Independent Contractors and Misclassification

Independent Contractors work as needed for a company and are most likely subject to law/instruction from a staffing agency. As a non-employee, contractors must pay their own taxes and are subject to self-employment taxes.

Just because you’ve been told by your employer that you’re an independent contractor, been given a 1099, or signed paperwork agreeing to become one, does not mean you are legally an independent contractor under federal law. In fact, many employers have illegally and incorrectly classified their workers.

According to the IRS, “you are not an independent contractor if you perform services that can be controlled by an employer (what will be done and how it will be done)… If an employer-employee relationship exists (regardless of what the relationship is called), you are not an independent contractor.”

Many employers have illegally and incorrectly classified their workers and had had to pay millions of dollars in settlements, and face a PR nightmare because of it. Take a look at the fallout that Uber and Lyft and Microsoft faced after misclassifying their employees.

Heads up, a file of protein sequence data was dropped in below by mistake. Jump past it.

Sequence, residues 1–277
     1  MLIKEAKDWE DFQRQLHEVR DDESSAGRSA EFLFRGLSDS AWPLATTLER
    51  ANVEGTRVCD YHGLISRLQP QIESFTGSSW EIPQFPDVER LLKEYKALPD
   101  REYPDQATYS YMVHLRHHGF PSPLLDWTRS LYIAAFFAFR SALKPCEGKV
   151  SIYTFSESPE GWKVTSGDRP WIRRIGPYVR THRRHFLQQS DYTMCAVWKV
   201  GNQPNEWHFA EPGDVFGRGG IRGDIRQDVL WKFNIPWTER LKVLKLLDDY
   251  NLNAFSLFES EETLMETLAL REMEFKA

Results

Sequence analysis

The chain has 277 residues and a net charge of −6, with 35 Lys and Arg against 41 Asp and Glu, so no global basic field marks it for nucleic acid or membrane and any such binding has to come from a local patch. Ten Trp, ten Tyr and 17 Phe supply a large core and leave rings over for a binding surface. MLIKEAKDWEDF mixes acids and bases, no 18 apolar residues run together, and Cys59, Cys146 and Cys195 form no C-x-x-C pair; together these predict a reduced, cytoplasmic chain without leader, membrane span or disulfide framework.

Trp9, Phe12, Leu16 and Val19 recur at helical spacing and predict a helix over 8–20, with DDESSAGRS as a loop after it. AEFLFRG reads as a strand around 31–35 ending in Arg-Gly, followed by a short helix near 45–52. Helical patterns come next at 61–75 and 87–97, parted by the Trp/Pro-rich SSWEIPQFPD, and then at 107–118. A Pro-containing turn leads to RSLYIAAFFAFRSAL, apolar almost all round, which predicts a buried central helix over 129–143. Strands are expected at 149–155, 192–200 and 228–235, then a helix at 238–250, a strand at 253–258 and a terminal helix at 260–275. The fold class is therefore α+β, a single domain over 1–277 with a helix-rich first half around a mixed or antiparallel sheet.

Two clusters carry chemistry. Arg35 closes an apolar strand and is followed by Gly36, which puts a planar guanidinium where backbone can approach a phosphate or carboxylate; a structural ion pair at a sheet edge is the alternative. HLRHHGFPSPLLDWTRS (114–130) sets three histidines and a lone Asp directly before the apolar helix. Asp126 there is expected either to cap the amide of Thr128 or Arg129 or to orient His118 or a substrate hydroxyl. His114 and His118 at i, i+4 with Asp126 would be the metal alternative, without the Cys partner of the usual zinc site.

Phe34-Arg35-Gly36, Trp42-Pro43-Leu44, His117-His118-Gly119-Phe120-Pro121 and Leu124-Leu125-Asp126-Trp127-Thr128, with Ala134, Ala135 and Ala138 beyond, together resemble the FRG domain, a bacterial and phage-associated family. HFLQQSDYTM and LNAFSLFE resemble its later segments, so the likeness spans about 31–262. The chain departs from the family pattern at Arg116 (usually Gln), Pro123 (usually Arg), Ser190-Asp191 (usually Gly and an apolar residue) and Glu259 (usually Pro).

Independent contractor classification is determined by the employee/employer relationship. There is no single rule or test but the Supreme Court has indicated the following factors as being the most significant:

  1. The extent to which the services rendered are an integral part of the principal’s business.
  2. The permanency of the relationship.
  3. The amount of the alleged contractor’s investment in facilities and equipment.
  4. The nature and degree of control by the principal.
  5. The alleged contractor’s opportunities for profit and loss.
  6. The amount of initiative, judgment, or foresight in open market competition with others required for the success of the claimed independent contractor.
  7. The degree of independent business organization and operation.

If a substantial employment relationship is found, the employee may not be considered an independent contractor and should be covered under the minimum wage and overtime regulations of the FLSA.

Many employees are also misclassified as being an exempt salaried employee, read more about other FLSA violations here. Contact us today with the form below.